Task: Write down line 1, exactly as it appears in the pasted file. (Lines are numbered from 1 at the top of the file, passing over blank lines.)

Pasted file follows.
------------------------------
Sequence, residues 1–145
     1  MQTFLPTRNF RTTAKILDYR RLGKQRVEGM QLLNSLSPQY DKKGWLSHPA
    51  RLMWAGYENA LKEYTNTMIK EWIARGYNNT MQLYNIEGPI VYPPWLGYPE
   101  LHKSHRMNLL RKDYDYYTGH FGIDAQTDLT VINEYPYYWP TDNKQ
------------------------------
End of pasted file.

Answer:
Sequence, residues 1–145